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Yes, we know social distancing is important, but some things are being taken too far

SHARE Yes, we know social distancing is important, but some things are being taken too far

Allyson Felix checks her time after running the women’s 400-meter dash final at the U.S. Championships athletics meet, Saturday, July 27, 2019, in Des Moines, Iowa. Felix told ESPN she has been forced to train on city streets or public spaces that aren’t shut down after being kicked off a track in California.

Charlie Neibergall, AP

All right, that does it. The Covid Cops are going too far.

Will everybody please take a deep breath?

Yes, we’re on lockdown; yes, we’ve been told to stay home to prevent the spread of the coronavirus. We get it. We’re doing it. We are all in, literally.

But some measures are too much.

A sign was posted at a local high school track this week that said it was closed due to COVID-19 and that entering the track would be considered trespassing. The track seldom attracts more than a handful of people.

The sign recommended going to a local park instead. Guess what happened? Yeah, that park was packed with people running and playing tennis and soccer. Now they’ve created a more dangerous situation by herding everyone to one place.

A cop went Bobby Knight on a few snowboarders at Brighton Ski Resort, which of course is closed because of the virus. The cop, cursing and shouting at one of the snowboarders, said he was trespassing (the boarders said they were snowboarding on private property). When the snowboarder, who was wearing a mask, asked the cop to back away to maintain the recommended 6-foot distance, the cop responded, “I do not need to give you a social distance, do you understand that? You invited this on yourself and you’re asking for it.”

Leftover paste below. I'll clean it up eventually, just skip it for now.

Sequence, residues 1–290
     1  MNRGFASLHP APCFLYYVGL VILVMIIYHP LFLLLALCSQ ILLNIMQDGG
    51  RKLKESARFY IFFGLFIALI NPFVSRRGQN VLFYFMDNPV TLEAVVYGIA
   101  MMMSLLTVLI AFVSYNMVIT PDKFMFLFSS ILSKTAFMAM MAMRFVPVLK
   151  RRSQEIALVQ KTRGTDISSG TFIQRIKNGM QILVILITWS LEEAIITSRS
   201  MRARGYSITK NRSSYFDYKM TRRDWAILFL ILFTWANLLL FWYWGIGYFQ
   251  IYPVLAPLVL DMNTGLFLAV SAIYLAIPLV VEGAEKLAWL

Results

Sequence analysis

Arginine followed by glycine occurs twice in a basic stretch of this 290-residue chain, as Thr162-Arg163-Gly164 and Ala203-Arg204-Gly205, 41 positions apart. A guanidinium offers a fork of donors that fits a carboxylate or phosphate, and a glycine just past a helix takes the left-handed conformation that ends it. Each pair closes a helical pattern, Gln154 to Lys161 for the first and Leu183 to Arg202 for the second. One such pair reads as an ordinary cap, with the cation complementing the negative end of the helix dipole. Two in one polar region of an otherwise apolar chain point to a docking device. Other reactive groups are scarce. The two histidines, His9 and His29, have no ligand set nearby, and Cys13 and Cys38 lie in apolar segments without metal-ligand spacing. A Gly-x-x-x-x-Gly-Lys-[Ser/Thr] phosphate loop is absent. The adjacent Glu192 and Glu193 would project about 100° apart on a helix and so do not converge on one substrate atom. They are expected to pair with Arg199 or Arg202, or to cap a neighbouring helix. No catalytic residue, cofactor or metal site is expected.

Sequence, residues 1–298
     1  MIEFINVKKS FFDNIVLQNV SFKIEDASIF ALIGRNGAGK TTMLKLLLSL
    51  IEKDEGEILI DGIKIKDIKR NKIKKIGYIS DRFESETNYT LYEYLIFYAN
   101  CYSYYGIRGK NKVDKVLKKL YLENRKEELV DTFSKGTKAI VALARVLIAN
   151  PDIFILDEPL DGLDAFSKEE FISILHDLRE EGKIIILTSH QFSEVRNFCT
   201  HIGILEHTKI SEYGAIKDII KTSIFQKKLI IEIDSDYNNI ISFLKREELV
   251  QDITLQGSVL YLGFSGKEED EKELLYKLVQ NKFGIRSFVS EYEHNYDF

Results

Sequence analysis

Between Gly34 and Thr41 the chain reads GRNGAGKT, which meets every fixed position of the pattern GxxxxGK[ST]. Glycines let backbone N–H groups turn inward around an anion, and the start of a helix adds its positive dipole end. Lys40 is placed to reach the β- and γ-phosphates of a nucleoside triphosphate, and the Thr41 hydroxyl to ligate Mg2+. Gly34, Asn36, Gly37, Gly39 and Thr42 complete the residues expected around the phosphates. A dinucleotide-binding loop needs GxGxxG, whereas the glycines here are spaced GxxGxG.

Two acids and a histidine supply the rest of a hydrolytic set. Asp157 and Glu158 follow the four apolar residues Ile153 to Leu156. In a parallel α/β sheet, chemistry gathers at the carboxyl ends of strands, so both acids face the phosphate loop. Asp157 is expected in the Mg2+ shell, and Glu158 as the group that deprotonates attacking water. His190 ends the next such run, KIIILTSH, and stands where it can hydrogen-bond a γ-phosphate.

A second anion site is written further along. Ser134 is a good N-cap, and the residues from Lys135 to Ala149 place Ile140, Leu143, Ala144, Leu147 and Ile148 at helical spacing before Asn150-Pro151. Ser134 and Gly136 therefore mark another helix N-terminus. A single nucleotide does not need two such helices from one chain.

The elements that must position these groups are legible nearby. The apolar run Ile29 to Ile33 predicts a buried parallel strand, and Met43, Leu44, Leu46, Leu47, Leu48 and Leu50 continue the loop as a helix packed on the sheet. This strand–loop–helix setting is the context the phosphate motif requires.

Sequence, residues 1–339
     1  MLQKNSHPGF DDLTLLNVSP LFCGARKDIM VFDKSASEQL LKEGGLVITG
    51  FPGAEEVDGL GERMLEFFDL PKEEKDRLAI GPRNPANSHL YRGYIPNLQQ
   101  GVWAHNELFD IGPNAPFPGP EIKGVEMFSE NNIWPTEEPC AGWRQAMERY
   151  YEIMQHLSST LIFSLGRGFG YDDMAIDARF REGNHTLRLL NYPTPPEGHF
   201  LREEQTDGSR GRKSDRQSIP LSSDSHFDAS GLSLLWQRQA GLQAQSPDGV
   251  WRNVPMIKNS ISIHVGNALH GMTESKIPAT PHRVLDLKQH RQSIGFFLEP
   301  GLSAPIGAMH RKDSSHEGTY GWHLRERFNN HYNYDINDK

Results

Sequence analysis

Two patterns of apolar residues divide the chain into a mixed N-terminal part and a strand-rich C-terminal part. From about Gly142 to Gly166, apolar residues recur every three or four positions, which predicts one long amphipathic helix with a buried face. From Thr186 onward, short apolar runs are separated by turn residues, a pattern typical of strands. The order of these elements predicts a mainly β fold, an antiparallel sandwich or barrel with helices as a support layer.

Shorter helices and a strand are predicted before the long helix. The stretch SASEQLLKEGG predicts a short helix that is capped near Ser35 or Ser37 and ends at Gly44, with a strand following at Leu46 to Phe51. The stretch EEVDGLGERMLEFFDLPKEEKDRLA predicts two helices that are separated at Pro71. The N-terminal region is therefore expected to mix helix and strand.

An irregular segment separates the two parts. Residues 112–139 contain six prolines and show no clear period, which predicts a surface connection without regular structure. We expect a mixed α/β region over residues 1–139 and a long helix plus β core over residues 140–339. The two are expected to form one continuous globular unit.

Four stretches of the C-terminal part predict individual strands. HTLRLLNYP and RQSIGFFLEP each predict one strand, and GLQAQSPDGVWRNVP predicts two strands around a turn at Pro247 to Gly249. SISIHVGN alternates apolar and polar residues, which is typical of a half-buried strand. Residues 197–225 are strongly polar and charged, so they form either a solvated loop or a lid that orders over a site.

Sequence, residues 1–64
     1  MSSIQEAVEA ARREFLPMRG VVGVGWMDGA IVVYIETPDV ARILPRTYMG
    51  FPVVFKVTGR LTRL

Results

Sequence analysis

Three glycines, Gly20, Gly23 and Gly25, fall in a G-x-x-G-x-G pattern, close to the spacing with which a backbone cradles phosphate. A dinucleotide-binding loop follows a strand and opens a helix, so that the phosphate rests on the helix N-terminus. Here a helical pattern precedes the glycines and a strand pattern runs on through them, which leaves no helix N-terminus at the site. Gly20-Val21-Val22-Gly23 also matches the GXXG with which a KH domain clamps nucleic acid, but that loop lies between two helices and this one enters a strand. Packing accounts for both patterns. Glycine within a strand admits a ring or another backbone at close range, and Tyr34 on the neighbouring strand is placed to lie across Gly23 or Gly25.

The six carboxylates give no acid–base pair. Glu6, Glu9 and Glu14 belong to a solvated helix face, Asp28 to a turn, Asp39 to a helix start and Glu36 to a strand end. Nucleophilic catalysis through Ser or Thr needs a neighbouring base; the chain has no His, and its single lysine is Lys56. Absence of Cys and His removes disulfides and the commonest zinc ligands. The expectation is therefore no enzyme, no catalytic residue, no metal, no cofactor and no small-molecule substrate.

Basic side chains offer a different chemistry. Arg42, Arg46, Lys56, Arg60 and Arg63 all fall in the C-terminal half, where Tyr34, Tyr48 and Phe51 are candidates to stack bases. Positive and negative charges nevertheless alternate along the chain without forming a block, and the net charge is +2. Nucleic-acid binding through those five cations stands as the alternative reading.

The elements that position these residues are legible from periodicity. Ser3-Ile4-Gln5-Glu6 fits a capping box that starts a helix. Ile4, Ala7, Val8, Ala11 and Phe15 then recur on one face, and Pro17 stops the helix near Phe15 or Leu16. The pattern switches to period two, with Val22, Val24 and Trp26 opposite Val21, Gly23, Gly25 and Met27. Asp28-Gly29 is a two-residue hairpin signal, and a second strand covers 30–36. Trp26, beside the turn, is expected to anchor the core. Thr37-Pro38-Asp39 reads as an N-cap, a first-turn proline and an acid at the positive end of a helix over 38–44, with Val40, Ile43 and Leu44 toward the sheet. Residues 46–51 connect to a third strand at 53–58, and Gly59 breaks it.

Unified Police say they are investigating the incident, which was captured on video and posted on Instagram.

This is what is happening all over the country, thanks to overzealous enforcement of social distancing. Allyson Felix, the Olympic champion sprinter, was kicked off a track in California. Surfers and paddle boarders have been yanked out of the water and beaches closed in the same state, with police writing citations for beachgoers.

Three men in Massachusetts were arrested for crossing state lines and golfing in Rhode Island. They face a possible jail sentence. A passenger was pulled off a bus in Philadelphia for not wearing a mask. A father in Colorado was handcuffed in front of his daughter for playing T-ball with her in an empty park. More than a dozen states have banned golf, even though states that allow it have created perfectly safe ways to play the game.

Matt Whitlock, a former member of the Sen. Orrin Hatch’s staff in Washington, tweeted, “The police have come to remove a single jogger from the open empty soccer field across the street from us in Arlington … pretty ridiculous when our Virginia social distancing guidance allows for outdoor exercise.” Meanwhile, Omaha simply closed its 250 parks altogether. Other cities and states have done the same thing. In some cities, tennis nets and basketball hoops have been removed.